Notice where the sun sets. Photo Andy Zehner

Go outside and get dirty. Get wet when it rains. Get chilled when it’s cold. Sweat. Walk places. Notice where the sun rises and sets. Remind yourself of your size and your place in the natural world. You don’t have to live in the country to do this; city people can also get outside and raise their eyes from the pavement to notice the sky – and the pigeons that fill it!

Make your own music. Draw a picture. Write someone a letter on real paper. Find entertainment and connection away from the computer. While access to the internet in some ways is a blessing, it distorts our understanding of genuine expertise. Someone who haunts online videos may feel he is an expert on music, but can he play three chords on a guitar? Even skillful photoshoppers will find that drawing the world from scratch takes skills they’ve never learned. And trying to use correct and legible handwriting without Spell Check will quickly bring to light what was never really mastered in elementary school. Most people are too quick to accept the pseudo-skill that computers give them, while schools work to increase self-esteem by artificial means.

Make your own music. Photo Andy Zehner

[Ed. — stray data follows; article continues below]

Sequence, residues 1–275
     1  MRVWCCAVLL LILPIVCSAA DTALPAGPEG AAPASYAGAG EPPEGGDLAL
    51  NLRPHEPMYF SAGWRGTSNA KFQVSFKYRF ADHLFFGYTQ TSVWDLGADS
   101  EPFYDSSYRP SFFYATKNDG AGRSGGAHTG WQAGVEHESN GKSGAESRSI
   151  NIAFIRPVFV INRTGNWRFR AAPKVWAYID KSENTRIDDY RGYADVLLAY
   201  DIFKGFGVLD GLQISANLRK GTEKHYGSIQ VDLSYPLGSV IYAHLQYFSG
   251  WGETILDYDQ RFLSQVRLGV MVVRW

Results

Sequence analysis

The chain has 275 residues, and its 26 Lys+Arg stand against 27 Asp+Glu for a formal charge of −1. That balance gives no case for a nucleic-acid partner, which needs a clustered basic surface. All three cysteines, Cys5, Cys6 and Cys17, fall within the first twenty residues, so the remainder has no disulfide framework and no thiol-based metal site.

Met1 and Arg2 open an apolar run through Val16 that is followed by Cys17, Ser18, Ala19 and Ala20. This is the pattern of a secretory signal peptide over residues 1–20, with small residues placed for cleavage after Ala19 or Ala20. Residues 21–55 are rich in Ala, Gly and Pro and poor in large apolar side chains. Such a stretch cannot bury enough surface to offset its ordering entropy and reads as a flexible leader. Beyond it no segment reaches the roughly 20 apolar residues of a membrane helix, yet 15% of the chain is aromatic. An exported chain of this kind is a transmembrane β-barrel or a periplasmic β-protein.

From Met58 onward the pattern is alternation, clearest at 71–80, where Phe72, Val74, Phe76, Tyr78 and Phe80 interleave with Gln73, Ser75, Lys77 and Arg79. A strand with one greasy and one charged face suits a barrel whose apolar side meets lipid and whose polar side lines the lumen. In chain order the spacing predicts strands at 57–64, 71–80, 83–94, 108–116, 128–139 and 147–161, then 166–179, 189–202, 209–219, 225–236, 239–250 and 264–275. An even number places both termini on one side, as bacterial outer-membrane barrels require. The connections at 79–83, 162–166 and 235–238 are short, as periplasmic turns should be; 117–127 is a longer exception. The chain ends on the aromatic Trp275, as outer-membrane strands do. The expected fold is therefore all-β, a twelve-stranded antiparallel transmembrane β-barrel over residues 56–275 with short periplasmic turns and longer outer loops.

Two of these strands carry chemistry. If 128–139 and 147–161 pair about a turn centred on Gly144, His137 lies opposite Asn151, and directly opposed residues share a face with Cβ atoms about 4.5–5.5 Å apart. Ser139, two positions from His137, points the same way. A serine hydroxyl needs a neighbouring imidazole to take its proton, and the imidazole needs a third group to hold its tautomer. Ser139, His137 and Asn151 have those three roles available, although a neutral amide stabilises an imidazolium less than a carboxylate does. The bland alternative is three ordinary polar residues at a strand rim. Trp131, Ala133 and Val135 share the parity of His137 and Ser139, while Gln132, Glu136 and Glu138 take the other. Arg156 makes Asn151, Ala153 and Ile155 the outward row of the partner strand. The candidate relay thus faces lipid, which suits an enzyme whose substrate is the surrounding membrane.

Throw stuff out. One of the most troubling symptoms of our cultural poverty is the proliferation of self-storage facilities. Where I live, even towns of 800 people have self-storage buildings. Buying and hoarding stuff does not create a living culture; rather it drags it down to its death. Think deeply and honestly about what you buy and use and why you buy it and use it. How many outfits can you wear? How many kitchen implements do you need? How much time do you spend dealing with things – dusting, taking out, putting in, organizing and reorganizing – instead of people? We have fallen into the belief that culture consists of the stuff we own and consume. If that were true, then it would make sense for sane people to try to own and consume different stuff from the crazy society, stuff that is distinctively sane. But culture is not stuff; it is the shared experience of order, stability, discipline, community, and hospitality provided by our families and our society as a whole.